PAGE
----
NYC Mayor Bloomberg Latches on to Controversial Breastfeeding Program
Is the nanny state alive and well in New York City? Many residents think so, as they mouth off against mayor Michael Bloomberg’s restrictions on hospital baby formula meant to encourage women to breastfeed.
On the heels of his proposed ban on supersized sweetened beverages comes “Latch on NYC,” a citywide initiative that asks maternity hospitals to stop giving breastfeeding babies formula unless it’s medically necessary, restrict access to formula and track its distribution, counsel women on breastfeeding, and stop giving out free promotional formula and materials that endorse formula.
The initiative was announced in May and launches on September 3. The city’s health department said so far 12 private hospitals and 11 public hospitals run by New York City Health and Hospitals Corp. are onboard.
While 90 percent of mothers start out breastfeeding, only 31 percent are still doing it exclusively after two months, a health department release says. The American Academy of Pediatrics recommends breastfeeding exclusively for the first six months or so, then breastfeeding along with adding food until at least a year. After that, breastfeeding should be a mutual agreement between mother and child.
The New York Post called the plan “the most restrictive pro-breast-milk program in the nation,” and judging by comments being left on stories about the program, New Yorkers are as happy about this as they are about having their mega-size sodas possibly taken away.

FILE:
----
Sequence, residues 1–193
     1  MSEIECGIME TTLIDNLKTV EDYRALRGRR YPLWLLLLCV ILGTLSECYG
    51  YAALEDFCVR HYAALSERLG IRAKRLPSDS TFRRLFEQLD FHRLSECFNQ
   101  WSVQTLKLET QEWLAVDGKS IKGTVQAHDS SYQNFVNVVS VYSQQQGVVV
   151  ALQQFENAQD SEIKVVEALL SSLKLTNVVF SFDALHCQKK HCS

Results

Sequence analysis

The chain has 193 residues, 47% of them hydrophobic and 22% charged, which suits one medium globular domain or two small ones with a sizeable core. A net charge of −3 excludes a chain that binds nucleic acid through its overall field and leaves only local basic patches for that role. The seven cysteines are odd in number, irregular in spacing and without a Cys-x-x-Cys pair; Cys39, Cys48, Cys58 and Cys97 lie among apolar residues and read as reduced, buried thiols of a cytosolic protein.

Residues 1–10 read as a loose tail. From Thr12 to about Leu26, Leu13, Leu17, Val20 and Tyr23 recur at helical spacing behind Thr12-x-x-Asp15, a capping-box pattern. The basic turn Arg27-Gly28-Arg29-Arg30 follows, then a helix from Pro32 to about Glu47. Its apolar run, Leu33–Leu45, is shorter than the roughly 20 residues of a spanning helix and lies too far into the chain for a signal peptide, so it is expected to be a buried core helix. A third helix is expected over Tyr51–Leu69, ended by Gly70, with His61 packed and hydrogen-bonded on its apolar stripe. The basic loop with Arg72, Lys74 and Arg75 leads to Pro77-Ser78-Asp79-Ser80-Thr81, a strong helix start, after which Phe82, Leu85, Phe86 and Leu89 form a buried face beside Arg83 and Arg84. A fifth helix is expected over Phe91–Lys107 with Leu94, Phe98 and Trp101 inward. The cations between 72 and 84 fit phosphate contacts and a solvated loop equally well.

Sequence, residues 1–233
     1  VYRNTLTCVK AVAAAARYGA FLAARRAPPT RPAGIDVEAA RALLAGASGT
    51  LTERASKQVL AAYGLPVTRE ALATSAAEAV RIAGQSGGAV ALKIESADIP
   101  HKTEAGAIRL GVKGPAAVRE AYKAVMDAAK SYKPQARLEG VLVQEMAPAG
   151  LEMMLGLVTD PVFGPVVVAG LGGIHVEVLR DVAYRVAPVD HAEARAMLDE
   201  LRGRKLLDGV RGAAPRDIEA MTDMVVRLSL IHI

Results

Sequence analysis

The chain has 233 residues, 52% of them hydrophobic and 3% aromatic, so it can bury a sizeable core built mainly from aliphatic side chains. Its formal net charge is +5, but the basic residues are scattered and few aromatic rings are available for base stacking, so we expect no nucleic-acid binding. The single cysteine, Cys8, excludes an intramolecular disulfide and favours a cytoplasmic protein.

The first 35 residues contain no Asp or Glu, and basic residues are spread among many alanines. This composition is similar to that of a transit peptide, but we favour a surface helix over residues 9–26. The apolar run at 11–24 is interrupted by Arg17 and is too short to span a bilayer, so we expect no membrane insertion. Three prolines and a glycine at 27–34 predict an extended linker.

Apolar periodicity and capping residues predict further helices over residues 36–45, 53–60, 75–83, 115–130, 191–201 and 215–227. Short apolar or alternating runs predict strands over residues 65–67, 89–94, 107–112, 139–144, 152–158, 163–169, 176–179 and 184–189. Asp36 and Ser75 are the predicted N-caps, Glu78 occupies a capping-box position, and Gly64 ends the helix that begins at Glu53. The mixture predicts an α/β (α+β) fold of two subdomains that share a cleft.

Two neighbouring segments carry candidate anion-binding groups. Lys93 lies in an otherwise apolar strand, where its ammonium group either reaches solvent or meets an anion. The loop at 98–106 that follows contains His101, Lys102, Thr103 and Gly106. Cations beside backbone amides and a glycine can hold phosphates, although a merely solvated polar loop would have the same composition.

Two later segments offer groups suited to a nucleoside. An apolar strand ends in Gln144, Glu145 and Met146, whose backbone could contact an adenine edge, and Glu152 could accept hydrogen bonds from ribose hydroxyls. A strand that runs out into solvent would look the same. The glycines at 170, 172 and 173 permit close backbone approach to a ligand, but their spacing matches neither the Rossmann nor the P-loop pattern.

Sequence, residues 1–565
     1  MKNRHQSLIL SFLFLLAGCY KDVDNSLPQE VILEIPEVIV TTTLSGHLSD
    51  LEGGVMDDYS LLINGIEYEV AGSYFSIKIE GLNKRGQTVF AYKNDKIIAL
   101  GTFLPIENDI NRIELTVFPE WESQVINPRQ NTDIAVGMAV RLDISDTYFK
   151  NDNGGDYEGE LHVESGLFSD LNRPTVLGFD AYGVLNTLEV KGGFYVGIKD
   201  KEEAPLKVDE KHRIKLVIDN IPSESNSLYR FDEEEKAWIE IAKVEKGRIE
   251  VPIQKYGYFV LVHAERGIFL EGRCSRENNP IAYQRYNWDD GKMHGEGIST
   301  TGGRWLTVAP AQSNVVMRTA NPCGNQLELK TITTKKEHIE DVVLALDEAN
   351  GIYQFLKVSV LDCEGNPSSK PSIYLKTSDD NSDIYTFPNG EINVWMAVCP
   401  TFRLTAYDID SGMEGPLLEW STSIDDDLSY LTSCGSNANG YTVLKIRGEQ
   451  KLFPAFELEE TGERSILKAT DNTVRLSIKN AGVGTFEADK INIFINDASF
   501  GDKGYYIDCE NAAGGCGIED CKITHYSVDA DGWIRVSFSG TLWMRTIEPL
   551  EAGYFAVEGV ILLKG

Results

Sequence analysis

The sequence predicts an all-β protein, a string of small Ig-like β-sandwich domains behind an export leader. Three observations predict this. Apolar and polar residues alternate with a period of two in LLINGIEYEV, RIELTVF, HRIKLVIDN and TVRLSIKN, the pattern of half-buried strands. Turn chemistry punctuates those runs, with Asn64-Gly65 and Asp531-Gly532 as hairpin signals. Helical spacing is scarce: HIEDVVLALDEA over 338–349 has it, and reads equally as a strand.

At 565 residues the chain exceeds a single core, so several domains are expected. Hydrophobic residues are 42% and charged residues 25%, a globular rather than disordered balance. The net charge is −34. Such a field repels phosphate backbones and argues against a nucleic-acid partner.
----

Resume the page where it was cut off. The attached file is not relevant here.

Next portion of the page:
“What is next? Laws against caesarean births? How about laws prohibiting epidural or any other pain killer for the woman in labor?” one commenter wrote on the Post story.
Wrote another, “I have 4 sons and I can tell you from experience that you run a risk when you mess with a new mom. I walked on egg shells around my wife, so I want to see what the hospital does when a woman requesting formula says she doesn't want to hear the lecture before getting the formula. Good luck, administrators.”
“New York City is definitely ahead of the curve,” the Post quoted Eileen DiFrisco of NYU Langone Medical Center as saying. At Langone, the paper reported, the breastfeeding rate has gone from 39 to 68 percent since the program started.
Since 2007 the Health and Hospitals Corporation has banned formula from maternity swag bags and promotional materials from labor and delivery rooms in an effort to encourage women to breastfeed.
CBS News reported that Massachusetts birth hospitals also agreed earlier this month to nix formula-enhanced goody bags for new mothers.
What do you think about restricting formula for new mothers to encourage them to breastfeed? Let us know in the comments.